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Blog Post

Highlighting New Projects on Humanities for All: Fall 2020

By Michelle May-Curry, National Humanities Alliance
October 29, 2020
Highlighting New Projects on *Humanities for All*: Fall 2020

We are pleased to announce the addition of new projects to the Humanities for All database! As National Arts and Humanities Month comes to a close, we are highlighting recent additions to our database that use community partnership toward social and racial justice aims. Collectively, these higher-ed based projects use the methodological tools of exhibitions, public art installation, oral history interviewing, digital archiving, and community dialogue and education to engage in meaningful humanities-focused conversations.

At the University of New Hampshire, the Civil Discourse Lab aims to strengthen the ability of students and community members to conduct meaningful conversations, collaborate, and weigh decisions around sometimes difficult but important topics to a civil society through research, experiential learning, and praxis. Students have facilitated community discussions on subjects such as climate change, addiction, and immigration in collaboration with the American Civil Liberties Union, the UNH Museum of Art, and the 3S Arts Space in Portsmouth, NH.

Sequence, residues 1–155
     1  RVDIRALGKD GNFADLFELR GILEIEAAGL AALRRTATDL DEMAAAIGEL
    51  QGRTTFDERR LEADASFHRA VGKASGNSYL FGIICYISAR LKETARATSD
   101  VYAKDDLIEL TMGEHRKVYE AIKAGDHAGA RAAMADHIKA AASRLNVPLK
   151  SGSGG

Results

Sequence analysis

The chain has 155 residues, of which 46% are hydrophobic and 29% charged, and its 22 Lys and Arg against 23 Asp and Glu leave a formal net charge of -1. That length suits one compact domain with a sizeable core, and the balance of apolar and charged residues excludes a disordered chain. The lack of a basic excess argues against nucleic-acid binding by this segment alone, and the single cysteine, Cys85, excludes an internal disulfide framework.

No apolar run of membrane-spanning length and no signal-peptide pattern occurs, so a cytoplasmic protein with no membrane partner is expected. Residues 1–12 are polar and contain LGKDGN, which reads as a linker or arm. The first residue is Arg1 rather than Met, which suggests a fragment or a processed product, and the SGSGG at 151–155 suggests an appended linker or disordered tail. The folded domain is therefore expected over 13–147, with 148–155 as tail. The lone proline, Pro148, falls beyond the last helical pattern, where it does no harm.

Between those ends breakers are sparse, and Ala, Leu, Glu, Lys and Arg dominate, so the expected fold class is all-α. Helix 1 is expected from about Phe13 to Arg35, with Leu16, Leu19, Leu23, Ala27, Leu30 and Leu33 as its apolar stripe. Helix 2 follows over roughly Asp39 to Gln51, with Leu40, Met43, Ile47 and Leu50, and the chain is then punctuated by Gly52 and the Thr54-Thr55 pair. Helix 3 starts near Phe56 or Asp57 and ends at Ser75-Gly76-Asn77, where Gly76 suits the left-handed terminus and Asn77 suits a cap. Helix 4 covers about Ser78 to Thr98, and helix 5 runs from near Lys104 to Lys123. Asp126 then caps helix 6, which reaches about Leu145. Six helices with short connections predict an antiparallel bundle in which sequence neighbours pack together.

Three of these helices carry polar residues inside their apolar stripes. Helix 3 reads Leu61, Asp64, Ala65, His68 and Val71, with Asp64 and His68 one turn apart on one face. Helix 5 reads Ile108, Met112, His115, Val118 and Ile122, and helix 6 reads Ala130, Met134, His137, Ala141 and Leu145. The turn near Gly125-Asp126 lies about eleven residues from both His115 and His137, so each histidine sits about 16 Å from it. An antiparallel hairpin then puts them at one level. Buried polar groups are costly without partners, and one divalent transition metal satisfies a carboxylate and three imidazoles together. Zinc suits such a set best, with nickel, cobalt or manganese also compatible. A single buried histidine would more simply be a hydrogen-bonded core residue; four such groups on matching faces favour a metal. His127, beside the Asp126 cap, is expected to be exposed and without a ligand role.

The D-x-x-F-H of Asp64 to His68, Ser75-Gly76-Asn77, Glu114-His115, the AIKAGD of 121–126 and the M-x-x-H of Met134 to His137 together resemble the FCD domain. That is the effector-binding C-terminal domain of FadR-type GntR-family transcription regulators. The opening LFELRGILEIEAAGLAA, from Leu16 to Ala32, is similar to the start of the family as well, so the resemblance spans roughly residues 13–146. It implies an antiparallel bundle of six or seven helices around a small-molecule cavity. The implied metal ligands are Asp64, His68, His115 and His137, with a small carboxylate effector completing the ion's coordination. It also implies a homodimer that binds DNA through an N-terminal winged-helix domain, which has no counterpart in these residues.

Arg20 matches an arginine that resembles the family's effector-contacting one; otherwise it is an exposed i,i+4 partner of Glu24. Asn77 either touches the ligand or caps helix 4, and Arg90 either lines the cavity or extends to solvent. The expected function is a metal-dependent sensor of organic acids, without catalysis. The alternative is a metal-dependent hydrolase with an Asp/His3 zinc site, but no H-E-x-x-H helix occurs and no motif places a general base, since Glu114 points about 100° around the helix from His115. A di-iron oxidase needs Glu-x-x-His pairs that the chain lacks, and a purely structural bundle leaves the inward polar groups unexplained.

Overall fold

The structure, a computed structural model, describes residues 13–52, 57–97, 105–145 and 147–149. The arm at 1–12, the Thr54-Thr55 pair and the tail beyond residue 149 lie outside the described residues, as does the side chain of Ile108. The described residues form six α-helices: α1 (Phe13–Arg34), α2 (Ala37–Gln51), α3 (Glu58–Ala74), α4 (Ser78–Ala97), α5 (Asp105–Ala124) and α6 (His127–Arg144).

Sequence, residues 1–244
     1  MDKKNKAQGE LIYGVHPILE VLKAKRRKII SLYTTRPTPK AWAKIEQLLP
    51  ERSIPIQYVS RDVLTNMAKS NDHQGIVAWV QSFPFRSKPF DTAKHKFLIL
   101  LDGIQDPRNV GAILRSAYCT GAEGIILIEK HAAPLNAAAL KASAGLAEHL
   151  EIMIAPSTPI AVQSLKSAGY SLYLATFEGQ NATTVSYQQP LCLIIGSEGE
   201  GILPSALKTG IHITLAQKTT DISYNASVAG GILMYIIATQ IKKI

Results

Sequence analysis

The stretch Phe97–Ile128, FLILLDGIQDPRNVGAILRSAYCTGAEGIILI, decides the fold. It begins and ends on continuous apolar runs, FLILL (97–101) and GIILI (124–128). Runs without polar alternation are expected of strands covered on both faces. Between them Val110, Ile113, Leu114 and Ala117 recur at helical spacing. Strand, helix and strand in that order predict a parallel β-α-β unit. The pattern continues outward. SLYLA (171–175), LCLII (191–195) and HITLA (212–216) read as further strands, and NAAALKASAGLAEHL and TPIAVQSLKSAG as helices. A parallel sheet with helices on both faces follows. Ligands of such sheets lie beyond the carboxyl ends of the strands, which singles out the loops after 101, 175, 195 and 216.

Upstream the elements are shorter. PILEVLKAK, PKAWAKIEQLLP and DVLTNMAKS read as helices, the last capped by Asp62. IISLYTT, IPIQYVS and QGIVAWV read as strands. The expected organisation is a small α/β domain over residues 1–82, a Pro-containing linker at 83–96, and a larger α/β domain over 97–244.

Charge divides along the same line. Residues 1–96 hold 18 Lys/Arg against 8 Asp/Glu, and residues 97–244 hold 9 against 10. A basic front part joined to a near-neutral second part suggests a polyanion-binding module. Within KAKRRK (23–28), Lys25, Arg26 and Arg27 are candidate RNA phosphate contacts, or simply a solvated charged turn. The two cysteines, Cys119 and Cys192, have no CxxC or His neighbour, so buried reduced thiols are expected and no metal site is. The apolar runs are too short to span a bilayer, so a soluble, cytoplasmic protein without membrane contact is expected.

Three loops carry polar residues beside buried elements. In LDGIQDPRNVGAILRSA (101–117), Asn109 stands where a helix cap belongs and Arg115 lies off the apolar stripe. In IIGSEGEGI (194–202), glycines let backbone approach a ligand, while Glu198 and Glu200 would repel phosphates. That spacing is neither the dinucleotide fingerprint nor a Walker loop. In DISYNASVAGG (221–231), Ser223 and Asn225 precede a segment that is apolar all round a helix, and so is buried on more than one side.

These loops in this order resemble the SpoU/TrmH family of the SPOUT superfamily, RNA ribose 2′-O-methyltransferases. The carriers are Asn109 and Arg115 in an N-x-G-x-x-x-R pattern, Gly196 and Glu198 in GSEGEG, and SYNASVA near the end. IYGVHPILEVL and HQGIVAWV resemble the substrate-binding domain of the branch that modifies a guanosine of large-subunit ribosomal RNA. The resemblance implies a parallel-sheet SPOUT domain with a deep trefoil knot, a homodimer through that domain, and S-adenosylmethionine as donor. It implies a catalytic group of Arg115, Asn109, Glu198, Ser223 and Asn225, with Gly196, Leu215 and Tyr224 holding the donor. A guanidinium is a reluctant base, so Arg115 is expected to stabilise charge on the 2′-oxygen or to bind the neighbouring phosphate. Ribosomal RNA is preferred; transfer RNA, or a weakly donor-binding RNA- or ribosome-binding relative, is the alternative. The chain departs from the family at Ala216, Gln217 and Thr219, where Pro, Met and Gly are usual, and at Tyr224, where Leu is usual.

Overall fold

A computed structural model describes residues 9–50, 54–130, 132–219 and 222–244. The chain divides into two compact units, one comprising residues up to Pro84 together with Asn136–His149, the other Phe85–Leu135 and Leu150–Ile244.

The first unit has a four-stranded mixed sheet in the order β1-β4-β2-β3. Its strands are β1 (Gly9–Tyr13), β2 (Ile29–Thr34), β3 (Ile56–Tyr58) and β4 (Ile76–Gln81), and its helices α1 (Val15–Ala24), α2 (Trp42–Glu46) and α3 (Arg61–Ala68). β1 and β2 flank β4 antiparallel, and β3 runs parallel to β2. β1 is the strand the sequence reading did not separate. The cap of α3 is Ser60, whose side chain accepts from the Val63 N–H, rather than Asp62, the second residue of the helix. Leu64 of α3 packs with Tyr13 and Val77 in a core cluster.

At the University of Mississippi, the Study and Struggle project gathers community members, activists, scholars, and students for four-month long study groups in Mississippi centered around political education and the relationship between prison abolition and immigrant detention.

At Florida International University, the Wolfsonian Public Humanities Lab is partnering with Combat Hippies and the Miami Vet Center for their War and Healing project. Funded by the NEH’s Dialogues on the Experience of War initiative, the project enables Miami-area veterans to explore post-service reintegration by examining visual arts, primary sources, and texts focused on the aftermaths of World War I, World War II, the Vietnam War, and wars in Iraq and Afghanistan.

At Cal Poly San Luis Obispo, the Central Coast Snapshots project gathers stories that center perspectives of those historically marginalized on California’s Central Coast. With a particular emphasis on the COVID-19 moment, These stories are told through interviews, photo essays, poetry, videos, journals, documentaries, art, and portraits.

At the University of Virginia, #UnseenCVille is a collaboration between Virginia Humanities, community historians, and the UVA departments of art history, arts administration, and American studies. It aims to engage students and community members with African American history and culture by power-washing quotes into sidewalks downtown and around UVA Grounds at sites of community significance.

Browse the list of new projects to the right and help us build our database by submitting new listings.

View Full List of Projects
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